David Cook Talks Returning to His Lead Role in Broadway's 'Kinky Boots': 'It Always Feels Fresh'

Matthew Murphy
David Cook

Ever since David Cook was crowned champion of American Idol’s seventh season in 2008, he admits he's “gotten a sick thrill of zigging when people think I’m supposed to zag.” And for a guitar-playing rocker like Cook, what zag could be more unexpected than taking on a Broadway role?

Cook made his Broadway debut earlier this year as Charlie Price in Kinky Boots -- a part that's proven catnip to rock frontmen looking to take the theater plunge, including Panic! at the Disco’s Brendon Urie, Scissor Sisters’ Jake Shears and Neon Trees' Tyler Glenn -- and now, he's returning to the role from Tuesday night (July 17) to September 9 before setting out on a fall acoustic tour (launching October 25 in St. Louis).

As he prepared to lace up Charlie's shoes again, Cook spoke to Billboard about his unlikely path to the Great White Way, learning not to overthink onstage and his dream future roles (listen up, Lin-Manuel Miranda!).

Was it always your plan to eventually return to Kinky Boots?

I had a goal when I did it the first time was to do well enough to be asked back. I was very open throughout the process, saying I was enjoying it and I’d love to do it again if the opportunity ever came up. I guess the feeling was mutual because they came back pretty quick. The cast is fantastic and it was so much fun the first time around that I’m extremely excited to return.

What made the first run so memorable for you?

I grew up playing sports and doing theater -- these activities that warranted a sense of community, a sense of being a part of a team. There’s certainly aspects of that in my music career, but being a solo artist it’s more just me, myself and I. What I love about Kinky Boots more than anything is that it’s a community of artists coming together to tell this story. Also, no two shows are the same. I mean, you’re doing the same show but it always feels very fresh and very different. It’s just exciting.

Was there a performance that stood out to you from your initial run?

I’m a textbook overthinker. In my own shows, I use a teleprompter. I won’t normally use it, but if it’s not there, I’ll freak out and mess up. The first night on Kinky Boots, there’s no teleprompter and I’m standing by the stage before my character’s first big number and I’m thinking ahead -- which is the exact wrong thing to do. The rest of the show was this two-and-a-half-hour-long panic attack. I remember that because it taught me to stay in the moment, stay present. And then the last show, for myriad reasons, was very memorable. I had just started to feel in-pocket with the character and then it was like, "OK, I have to say goodbye now." So I feel very fortunate that I get to return and continue to explore this character.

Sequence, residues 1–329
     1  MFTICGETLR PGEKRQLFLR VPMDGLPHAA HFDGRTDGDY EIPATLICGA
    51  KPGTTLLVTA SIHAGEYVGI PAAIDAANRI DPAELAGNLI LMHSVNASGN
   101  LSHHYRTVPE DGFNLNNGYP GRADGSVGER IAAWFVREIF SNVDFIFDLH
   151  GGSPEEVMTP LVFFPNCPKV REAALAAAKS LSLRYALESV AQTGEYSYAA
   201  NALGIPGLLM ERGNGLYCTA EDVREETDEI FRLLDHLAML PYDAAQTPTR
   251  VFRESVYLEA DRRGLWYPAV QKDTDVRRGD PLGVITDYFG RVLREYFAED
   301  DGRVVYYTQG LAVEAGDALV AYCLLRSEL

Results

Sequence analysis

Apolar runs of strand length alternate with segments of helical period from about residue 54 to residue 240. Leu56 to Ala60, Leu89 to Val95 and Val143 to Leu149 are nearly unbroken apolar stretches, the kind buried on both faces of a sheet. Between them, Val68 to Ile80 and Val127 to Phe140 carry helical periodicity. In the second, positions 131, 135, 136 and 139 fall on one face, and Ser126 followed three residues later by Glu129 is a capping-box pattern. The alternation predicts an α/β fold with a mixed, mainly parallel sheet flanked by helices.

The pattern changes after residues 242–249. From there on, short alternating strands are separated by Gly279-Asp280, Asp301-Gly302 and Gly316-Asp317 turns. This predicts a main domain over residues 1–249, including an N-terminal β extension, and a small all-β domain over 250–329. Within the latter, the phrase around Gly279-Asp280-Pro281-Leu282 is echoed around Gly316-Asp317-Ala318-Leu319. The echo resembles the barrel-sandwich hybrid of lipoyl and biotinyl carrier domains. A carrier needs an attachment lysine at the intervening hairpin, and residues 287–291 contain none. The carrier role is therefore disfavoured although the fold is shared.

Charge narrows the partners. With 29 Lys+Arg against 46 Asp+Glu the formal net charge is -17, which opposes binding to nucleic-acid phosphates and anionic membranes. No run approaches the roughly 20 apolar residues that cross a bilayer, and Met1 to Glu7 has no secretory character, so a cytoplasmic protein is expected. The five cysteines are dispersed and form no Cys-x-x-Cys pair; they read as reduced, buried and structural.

You have an acoustic tour coming up -- and you can’t get more far away from a Broadway production than that. What's that juxtaposition like for you?

I get what might be a sick thrill out of zigging when people think I’m supposed to zag. I do recognize and acknowledge the dynamic that exists between those two extremes. With a show like Kinky Boots, when you’re working with other artists onstage, if you flub a line the person you’re on stage with will be there for you. I was fortunate enough to be on stage with Wayne Brady [during Cook's initial run] and he couldn’t have been more giving. I remember I messed up a line and he was so great about helping give me the information we needed so the scene could move forward flawlessly. If I flub a line during my acoustic show, it’s going to be super noticeable and there’s really nobody to pick up the slack. It’s a completely different beast. At the same time, with both, you’re operating on a tightrope without a net a little bit. I guess the difference is with live theater there’s other people on the rope with you.

When was the last time you were on stage with so many people? The American Idol tour?

Oh God, it might have been. Yeah, it was probably those damn group numbers. [Laughs]

Speaking of Idol, did you catch the new season on ABC?

I watched some of the preliminary stuff, but the Broadway schedule is so intense, I didn’t get a chance to watch much TV at all. I think they’re coming through New York while I’m out here, so hopefully I’ll get a day off and go see them.

You're kind of trading places with Tyler Glenn from Neon Trees and replaced Jake Shears from Scissor Sisters. Before you stepped in to the role, did Jake give you tips?

Only if I asked, and the things I asked Jake had more to do with navigating the offstage stuff. I hadn’t done theater since high school, so it was like, "What are the areas of the building I’m not allowed to be in? Who am I allowed to talk to? Who do I let talk to me first?" As far as the creative process and finding the character, it’s something we all had to figure out on our own.

Now that you've gotten a taste of Broadway, are there other shows you’d want to step into? 

I saw Hamilton which was incredible, I’ve seen Book of Mormon and loved that, I’ve been a fan of Phantom of the Opera since I was a teenager. I know that Kinky Boots director Jerry Mitchell also has Pretty Woman, hint-hint, nudge-nudge! [Laughs] Ultimately, whatever roles are offered to me and I feel I can bring something to, I’m all for the challenge.